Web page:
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How to issue shares of stock to co-founders?

New York, NY |

We recently formed a corporation for our startup company and would like to issue equity to our co-founders. We have read that it may be necessary to file a Form D with the SEC and a Form 99 with the state of NY. Is this necessary for founders that are primarily working for equity? There won't be a significant monetary investment. The stock sale would essentially be for a nominal value for the purposes documenting the transfer of shares.

Attorney Answers 3


Believe it or not, the question posed is an extremely complicated one. "Stock" is included within the literal definition of a "security." Since all of the recipients of the stock are working (presumably actively) in the enterprise, however, there is considerable authority that a court might find these shares are not securities at all. No securities = no form D required. Moreover, it is likely that Rule 701 can be made to apply to the issuance, in which case the Form D is also not required. The Form 99 issue involves another level of complexity. Suffice it to say that the securities bar and the State of New York might disagree on the limits of the New York State securities laws.

Louis E. Black is licensed to practice law solely in New York. His answers are for general information and no Answer or Comment shall be deemed to create an attorney-client relationship or create any right of confidentiality. The reader should never assume that this information applies to his or her specific situation or constitutes legal advice. Therefore, please consult an appropriate attorney in your jurisdiction and who is familiar with your specific facts and all of the circumstances Any U.S. federal tax advice contained in this communication is not intended or written to be used, and cannot be used, for the purpose of (i) avoiding penalties under the Internal Revenue Code or (ii) promoting, marketing or recommending to another party any transaction or matter addressed herein.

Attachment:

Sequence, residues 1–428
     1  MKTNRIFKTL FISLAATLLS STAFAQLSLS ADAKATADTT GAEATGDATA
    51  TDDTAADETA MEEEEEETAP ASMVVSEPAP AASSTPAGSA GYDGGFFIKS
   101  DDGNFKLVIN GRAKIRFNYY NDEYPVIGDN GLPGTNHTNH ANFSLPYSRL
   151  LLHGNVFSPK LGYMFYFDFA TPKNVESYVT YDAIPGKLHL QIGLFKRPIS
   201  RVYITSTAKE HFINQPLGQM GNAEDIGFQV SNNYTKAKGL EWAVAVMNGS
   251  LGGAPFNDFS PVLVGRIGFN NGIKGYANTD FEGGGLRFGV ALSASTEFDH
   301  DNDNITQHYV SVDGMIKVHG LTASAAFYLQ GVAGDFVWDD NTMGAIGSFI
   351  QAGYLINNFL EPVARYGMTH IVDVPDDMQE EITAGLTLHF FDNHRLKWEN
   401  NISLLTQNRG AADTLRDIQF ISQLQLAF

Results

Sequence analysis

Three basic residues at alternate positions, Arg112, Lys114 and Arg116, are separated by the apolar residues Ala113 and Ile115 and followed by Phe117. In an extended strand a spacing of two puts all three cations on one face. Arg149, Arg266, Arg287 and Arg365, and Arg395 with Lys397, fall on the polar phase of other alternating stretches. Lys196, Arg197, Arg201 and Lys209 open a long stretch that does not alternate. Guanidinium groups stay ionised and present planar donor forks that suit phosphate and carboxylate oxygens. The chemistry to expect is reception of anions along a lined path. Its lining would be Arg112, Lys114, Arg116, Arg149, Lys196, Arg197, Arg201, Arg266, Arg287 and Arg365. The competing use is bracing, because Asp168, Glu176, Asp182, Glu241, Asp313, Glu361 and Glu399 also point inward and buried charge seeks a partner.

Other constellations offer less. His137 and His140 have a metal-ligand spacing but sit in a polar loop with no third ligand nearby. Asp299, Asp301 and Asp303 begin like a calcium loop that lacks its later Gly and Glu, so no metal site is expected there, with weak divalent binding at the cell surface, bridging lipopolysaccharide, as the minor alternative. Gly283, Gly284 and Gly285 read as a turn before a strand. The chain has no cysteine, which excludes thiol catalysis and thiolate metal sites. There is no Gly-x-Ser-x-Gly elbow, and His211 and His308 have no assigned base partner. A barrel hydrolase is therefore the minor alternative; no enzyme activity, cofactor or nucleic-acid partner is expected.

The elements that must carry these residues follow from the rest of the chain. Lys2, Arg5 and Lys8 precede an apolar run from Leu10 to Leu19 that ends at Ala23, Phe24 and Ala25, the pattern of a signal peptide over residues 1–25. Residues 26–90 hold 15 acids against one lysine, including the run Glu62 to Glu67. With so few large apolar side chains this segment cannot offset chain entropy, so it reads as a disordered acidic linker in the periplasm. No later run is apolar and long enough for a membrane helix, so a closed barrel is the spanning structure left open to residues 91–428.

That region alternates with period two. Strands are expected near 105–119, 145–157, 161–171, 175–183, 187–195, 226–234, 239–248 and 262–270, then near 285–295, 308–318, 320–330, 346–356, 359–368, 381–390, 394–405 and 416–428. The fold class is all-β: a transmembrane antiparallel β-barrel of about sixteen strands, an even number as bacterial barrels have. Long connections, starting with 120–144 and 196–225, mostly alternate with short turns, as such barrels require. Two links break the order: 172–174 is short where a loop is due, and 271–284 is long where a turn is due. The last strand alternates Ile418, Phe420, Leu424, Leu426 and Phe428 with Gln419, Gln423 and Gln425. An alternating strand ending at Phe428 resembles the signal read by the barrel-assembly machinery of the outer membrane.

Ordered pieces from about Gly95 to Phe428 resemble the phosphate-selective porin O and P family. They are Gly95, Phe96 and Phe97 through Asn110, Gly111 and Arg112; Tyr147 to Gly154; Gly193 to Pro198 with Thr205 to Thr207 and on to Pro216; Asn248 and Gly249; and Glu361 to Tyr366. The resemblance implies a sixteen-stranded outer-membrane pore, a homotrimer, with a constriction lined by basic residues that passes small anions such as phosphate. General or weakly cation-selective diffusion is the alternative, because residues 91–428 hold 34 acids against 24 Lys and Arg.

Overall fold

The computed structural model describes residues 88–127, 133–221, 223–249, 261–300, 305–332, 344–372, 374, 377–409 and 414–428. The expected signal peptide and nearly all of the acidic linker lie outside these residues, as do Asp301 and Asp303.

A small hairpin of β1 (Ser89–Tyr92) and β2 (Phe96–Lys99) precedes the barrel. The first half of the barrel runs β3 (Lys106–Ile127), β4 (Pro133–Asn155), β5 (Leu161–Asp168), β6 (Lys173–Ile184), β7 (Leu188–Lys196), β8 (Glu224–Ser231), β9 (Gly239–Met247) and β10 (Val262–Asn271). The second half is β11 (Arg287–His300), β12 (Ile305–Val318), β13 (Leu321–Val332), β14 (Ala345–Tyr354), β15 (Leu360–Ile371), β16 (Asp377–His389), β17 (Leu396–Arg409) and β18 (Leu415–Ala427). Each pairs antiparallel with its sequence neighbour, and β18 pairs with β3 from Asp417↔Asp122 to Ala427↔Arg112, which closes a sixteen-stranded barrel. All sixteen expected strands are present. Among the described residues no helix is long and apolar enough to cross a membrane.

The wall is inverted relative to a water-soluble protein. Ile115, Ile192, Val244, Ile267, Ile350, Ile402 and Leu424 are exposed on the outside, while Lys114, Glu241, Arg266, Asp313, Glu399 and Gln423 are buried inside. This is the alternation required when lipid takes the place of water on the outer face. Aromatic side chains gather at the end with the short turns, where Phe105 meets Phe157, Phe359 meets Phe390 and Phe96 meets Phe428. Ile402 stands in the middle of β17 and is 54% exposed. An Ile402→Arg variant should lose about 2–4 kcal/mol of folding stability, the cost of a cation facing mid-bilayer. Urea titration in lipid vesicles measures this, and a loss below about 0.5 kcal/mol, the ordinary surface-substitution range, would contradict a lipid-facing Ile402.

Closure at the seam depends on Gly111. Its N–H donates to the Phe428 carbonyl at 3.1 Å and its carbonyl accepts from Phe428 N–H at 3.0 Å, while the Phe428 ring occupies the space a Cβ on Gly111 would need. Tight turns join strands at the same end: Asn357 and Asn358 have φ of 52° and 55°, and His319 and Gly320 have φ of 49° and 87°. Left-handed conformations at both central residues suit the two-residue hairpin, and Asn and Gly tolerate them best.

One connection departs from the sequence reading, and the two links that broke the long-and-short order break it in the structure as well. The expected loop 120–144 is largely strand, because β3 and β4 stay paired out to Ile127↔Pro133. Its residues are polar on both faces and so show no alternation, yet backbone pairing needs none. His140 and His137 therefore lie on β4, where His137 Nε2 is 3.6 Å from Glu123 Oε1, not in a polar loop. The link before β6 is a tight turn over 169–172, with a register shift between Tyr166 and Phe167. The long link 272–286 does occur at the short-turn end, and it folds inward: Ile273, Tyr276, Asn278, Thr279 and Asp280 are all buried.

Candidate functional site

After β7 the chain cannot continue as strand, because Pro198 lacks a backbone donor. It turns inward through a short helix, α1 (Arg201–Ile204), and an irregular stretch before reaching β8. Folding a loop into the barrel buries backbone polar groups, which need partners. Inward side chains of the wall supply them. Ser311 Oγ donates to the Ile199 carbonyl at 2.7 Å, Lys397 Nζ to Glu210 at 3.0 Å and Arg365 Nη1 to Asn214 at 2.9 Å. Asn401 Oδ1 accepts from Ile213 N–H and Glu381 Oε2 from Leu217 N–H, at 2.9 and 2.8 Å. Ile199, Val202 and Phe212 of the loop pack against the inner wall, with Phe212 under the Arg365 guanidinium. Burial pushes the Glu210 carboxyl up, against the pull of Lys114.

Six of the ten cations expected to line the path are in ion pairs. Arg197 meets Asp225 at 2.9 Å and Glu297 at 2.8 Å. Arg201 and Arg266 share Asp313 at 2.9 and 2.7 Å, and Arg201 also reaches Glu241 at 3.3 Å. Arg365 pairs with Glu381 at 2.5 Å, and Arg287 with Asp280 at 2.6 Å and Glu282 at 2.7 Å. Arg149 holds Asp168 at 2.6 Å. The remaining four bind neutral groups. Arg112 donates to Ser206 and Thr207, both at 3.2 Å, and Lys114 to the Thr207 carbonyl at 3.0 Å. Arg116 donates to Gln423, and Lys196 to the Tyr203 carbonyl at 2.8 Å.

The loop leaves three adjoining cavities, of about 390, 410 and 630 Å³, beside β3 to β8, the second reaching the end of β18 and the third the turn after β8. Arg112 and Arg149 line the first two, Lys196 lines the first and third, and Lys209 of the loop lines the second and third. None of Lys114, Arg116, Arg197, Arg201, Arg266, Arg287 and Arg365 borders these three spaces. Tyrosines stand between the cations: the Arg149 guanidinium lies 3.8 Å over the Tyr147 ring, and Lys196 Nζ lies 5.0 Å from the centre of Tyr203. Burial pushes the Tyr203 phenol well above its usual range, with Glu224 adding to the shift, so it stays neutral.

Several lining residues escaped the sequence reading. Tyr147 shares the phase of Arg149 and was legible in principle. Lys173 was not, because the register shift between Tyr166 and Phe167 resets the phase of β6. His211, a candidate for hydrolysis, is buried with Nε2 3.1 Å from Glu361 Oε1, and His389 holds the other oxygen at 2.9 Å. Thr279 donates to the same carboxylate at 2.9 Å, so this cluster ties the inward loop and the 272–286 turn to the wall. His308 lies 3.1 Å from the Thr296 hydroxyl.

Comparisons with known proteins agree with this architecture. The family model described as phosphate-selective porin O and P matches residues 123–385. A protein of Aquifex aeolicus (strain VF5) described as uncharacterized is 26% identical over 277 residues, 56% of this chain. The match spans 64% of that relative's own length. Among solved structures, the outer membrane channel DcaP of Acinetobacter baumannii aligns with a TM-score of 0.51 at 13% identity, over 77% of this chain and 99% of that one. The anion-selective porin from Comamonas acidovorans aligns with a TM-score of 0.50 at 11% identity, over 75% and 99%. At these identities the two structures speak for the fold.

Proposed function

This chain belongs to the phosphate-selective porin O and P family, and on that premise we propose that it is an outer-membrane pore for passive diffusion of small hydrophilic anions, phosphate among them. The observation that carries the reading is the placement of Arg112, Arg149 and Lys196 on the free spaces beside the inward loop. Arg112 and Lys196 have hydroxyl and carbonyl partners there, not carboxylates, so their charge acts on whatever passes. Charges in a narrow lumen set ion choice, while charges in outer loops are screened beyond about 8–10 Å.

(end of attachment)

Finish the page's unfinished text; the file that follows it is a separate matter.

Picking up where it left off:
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All of this should have been handled before you drafted your articles of incorporation and by-laws. This is why DIY Incorporation kits are only nominally useful.

If you will be issuing equity shares in the corporation and will have employees working for equity, you need to not only draft the appropriate securities documents, but draft employment agreements for those working for equity.

See a business formation attorney for assistance.

This does not constitute legal advice or the engagement of my services as an attorney.

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No Form D required as you are not offering securities to the public as such terms are contemplated under the 1933 Securities Act. This is an exempt transaction.

My answer is not intended to be giving legal advice and this topic can be a complex area where the advice of a licensed attorney in your State should be obtained. Please click "helpful" or "best answer" if my answer added any value or add a "comment" if you have more info for me to help you get a better answer.

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John P Corrigan

John P Corrigan


Specifically see Sec. 4(a)(2) of the 1933 Securities Act - forming a company and issuing shares to its founders is not considered a "public offering" and is therefore exempt from registration. If you tried to then resell your stock received from the corporation or otherwise try to sell or solicit sales to third parties then an entirely different analysis applies, albeit there are still other exemptions available (Reg D for one)

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